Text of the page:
Fred Coulter—March 19, 2011

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Let me mention something here that I think will help us understand our relationship with God even more, which is this. Let's go back and look at how the children of Israel worshiped God. Where were the scrolls? At the temple! Worship was worshiping God while sacrifices were being offered. Worshiping God was the Levitical singers singing to God. That was public worship. We find not only David, but also Asaph—and some of the others who wrote the Psalms—you have personal worship of God. That was a forerunner of what was going to happen later.

The children of Israel did not have the Word of God like we have it today. If someone from even in the first centuryA.D. were resurrected to see our Sabbath services here, that we have in one book the Old and the New Testament. Plus we have other books which tell us about things that we need to know today. They would be astonished with the Internet. Just think what Paul would have done with the Internet. He could have stopped some of those heresies right quick. In the New Testament church all copies were hand written. It was the New Testament church that first devised the codex form. And codex means book, like this. And the codex was written both sides of the pages put together and it made it easy to do corrections. Whereas, written on a scroll, if you have one mistake, you've got to get rid of everything and start over again.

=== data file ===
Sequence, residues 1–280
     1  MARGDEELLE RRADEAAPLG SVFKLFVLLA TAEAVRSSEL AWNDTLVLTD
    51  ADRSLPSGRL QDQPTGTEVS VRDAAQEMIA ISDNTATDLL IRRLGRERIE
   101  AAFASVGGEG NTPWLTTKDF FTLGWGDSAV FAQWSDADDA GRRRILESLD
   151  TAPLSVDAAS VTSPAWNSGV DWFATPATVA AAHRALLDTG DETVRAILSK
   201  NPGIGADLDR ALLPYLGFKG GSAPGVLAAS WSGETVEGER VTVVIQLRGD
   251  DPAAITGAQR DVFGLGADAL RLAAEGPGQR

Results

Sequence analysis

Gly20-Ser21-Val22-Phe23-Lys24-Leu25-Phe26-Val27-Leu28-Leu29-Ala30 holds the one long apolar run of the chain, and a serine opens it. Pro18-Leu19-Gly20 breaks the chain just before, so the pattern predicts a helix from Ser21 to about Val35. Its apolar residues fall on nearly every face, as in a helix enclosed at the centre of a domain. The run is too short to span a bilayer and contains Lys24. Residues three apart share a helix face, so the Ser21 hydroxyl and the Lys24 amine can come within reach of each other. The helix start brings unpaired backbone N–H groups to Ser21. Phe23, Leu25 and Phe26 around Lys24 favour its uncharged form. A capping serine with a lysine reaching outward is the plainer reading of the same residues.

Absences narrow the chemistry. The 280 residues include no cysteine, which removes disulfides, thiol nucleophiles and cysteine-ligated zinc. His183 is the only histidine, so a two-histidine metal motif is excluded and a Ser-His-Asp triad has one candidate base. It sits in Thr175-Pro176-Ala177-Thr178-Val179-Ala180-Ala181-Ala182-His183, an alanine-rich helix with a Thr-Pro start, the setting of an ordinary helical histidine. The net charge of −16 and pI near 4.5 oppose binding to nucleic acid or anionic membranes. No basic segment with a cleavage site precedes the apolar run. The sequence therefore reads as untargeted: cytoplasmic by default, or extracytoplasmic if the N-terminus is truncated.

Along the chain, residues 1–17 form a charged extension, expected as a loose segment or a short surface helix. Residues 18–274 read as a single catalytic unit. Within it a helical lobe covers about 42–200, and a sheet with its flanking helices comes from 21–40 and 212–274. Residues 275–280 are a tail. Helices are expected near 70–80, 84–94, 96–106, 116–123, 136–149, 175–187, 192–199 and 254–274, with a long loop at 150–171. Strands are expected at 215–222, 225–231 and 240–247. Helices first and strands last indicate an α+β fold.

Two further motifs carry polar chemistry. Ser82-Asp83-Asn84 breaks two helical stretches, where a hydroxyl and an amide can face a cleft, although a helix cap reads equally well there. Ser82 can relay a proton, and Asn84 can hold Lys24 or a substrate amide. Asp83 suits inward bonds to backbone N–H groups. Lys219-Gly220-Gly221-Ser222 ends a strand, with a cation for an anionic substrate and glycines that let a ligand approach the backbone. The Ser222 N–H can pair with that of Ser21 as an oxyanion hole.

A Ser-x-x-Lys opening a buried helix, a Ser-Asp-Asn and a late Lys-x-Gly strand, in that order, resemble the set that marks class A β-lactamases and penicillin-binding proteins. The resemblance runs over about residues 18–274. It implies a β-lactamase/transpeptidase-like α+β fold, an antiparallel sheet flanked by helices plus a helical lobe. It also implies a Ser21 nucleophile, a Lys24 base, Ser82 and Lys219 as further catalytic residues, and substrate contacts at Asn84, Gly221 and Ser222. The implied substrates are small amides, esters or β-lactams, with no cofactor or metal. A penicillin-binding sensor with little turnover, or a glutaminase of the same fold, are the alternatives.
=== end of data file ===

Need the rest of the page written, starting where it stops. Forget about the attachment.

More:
Now during the days of Ezra and Nehemiah, is when the Old Testament was canonized, in order to keep a proper understanding of the Word of God for all the Jews in the Diaspora, because they were scattered all around, Ezra and the Great Assembly made copies of the Law, the Prophets, and the Psalms and sent them out to all the synagogues. With that then, they had worship of God publicly together when they would sing. They also had what are called cantors, who would sing various parts of the Bible too. Then you would have the rabbi get up there and he would be teaching. So in order to keep all the Jews on track, to keep them from apostatizing what Ezra did, he worked out what is called a triennial cycle of reading and they had to read on specific Sabbaths certain parts of the Law, certain parts of the Prophets, and certain parts of the Psalms.

This carried down to New Testament times. So when Jesus went into the synagogues, He taught. He taught on the Sabbath day. He was introducing what would be a greater worship service toward God. That greater worship service was not combined where we all have rituals, but it was a personal relationship with God the Father, because Jesus came to reveal the Father. The whole substance of how to worship God changes. It changes that you have direct access to God the Father in heaven above, as Paul wrote in the book of Hebrews. That's your worship. Jesus instituted teaching and He commanded the apostles to go in all the world, teaching all nations whatsoever things He had commanded and making disciples and baptizing them. That's why Sabbath services become a key focal point in learning and understanding. Now Sabbath services, coupled with our personal study and our personal relationship with God puts us into a situation that we are developing the character of God to be ready for the resurrection.